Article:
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Moon at southernmost point for the month on September 30

2014-sept-30-moon-mars-antares-night-sky-chart

Tonight is Sep 30, 2014

Moon Phase Courtesy U.S. Naval Observatory

As darkness falls on September 30, 2014, the wide waxing crescent moon resides to the east of the planet Mars and the star Antares in the constellation Scorpius. On this night, the moon reaches its southernmost declination for the month, at about 18.5 o south of the celestial equator. Even so, the moon swings about 5 degrees north of the December solstice point (23.5o south declination).

The moon at its southernmost point in its orbit is sometimes referred to as a southern standstill or southern lunistice. Depending on where the moon crosses the ecliptic – Earth’s orbital plane – during its 18.6-year cycle, the moon can swing anywhere from 5o north to 5 o south of the December solstice point. The December solstice point is found near The Teapot asterism in the western half of the constellation Sagittarius. (See sky charts below.)

Some 11 years from now, when the moon reaches its southernmost point for the month on September 29, 2025, the moon will swing about 5o south of the December solstice point, reaching a southern declination of 28.6o.

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The moon passes north of the December solstice point, or where the sun resides relative to the backdrop stars on the December solstice. The green line depicts the ecliptic - the sun's yearly path through the constellations of the Zodiac.

Here is a chart for September 30, 2014. On this date, the moon passes north of the December solstice point, where the sun resides relative to the backdrop stars at the sun’s southernmost point in the sky. The green line depicts the ecliptic – the sun’s yearly path through the constellations of the Zodiac.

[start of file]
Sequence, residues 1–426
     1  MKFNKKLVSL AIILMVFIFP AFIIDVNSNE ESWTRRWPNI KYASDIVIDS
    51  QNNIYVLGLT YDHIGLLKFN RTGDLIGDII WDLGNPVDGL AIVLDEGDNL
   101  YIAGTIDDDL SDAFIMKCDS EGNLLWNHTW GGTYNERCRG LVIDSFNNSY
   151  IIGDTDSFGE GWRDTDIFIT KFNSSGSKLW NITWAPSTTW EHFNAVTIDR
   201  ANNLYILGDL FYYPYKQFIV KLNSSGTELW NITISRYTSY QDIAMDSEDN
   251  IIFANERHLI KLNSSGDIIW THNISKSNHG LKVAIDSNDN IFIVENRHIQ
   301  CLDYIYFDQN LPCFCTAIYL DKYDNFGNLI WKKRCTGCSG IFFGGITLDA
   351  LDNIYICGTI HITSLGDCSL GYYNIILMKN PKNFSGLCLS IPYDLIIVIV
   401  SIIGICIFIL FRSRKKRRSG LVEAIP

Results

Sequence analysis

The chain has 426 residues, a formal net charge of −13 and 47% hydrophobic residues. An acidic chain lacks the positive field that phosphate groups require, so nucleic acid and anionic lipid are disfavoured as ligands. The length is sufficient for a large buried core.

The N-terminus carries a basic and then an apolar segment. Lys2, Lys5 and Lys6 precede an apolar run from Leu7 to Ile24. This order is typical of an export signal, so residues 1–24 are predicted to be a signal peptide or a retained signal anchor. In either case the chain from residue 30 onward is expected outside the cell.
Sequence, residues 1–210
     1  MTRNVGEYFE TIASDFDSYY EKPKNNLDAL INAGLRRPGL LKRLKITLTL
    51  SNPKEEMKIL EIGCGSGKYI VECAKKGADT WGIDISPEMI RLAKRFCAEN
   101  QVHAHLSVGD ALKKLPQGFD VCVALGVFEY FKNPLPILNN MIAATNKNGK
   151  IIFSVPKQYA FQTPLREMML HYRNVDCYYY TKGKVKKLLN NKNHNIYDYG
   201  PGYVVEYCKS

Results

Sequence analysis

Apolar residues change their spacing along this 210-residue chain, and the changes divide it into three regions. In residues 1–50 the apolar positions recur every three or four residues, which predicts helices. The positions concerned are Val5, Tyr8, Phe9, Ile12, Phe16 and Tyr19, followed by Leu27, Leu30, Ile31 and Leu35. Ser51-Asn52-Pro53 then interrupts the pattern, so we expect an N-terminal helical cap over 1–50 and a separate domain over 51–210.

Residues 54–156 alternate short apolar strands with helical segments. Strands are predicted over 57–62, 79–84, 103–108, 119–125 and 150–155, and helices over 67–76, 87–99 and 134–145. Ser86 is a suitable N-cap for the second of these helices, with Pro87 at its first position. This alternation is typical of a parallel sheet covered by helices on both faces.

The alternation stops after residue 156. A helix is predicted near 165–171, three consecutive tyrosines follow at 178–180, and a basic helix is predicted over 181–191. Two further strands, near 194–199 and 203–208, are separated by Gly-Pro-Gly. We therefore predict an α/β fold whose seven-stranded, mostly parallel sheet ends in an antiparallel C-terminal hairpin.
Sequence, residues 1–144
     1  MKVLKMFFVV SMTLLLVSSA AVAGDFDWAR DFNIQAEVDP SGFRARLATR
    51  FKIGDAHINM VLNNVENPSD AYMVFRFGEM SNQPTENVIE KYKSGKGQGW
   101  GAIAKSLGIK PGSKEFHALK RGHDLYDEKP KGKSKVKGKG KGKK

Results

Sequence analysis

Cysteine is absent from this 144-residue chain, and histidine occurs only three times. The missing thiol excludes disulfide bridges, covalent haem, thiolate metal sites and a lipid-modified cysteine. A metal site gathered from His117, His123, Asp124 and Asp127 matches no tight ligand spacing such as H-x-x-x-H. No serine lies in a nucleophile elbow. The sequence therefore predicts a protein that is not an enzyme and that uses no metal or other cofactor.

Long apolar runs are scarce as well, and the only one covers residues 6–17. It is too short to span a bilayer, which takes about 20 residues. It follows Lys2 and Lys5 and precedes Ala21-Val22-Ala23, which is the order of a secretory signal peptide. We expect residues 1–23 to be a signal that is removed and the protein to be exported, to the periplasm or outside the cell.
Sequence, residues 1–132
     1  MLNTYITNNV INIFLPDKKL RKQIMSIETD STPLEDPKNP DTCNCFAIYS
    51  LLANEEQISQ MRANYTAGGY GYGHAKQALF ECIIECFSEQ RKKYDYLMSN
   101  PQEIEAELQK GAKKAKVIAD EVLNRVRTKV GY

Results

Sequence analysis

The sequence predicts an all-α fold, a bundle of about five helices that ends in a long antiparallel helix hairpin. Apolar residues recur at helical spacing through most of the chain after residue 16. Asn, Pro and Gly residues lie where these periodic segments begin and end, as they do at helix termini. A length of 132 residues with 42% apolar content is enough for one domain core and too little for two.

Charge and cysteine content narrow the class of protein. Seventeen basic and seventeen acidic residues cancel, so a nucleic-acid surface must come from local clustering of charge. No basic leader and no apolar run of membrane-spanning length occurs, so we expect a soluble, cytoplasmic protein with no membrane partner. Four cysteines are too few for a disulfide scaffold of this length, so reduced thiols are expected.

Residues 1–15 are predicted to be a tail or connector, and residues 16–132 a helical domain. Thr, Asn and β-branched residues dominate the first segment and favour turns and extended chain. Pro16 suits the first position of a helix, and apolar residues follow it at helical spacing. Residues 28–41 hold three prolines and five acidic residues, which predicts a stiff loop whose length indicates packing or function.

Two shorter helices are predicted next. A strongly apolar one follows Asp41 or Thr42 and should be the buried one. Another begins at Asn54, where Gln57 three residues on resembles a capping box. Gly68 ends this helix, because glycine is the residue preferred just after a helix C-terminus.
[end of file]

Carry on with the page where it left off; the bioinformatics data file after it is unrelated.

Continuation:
Looking into the future, on the evening of September 28, 2015, the moon will pass south of the December solstice point.

Looking into the future – on the evening of September 28, 2015 – the moon will pass south of the December solstice point. Then it will be very far south on the sky’s dome!

At nightfall on successive evenings after September 30, you’ll see the waxing moon moving farther and farther east of the planet Mars and star Antares. The moon will be also traveling northward, until it reaches its northernmost point on October 13, 2014.

Monthly lunar standstills: 2001 to 2100

Minor lunar standstill lessens impact of Hunter’s Moon

The moon will stay out longer and longer after dark, until the moon turns full on the night of October 7-8, at which time the moon will shine from dusk until dawn.

This upcoming full moon will be the Northern Hemisphere’s full Hunter’s Moon, or the Southern Hemisphere’s first full moon of spring. The October 2014 full moon will swing right through the Earth’s dark shadow to stage a total lunar eclipse on the night of October 7-8 for North America. As seen from New Zealand, Australia and eastern Asia, the total eclipse will take place after sunset on October 8.

Total eclipse of the moon on October 8

Bottom line: On September 30, 2014, the moon reaches its southernmost point for the month. But it passes north of the December solstice point on the sky’s dome, as it will continue to do until the year 2020. Also on this night, look for the planet Mars and star Antares near the moon.

Take care of all your holiday giving now! EarthSky lunar calendars are cool and can help you and your friends and family know the moon phases throughout the year.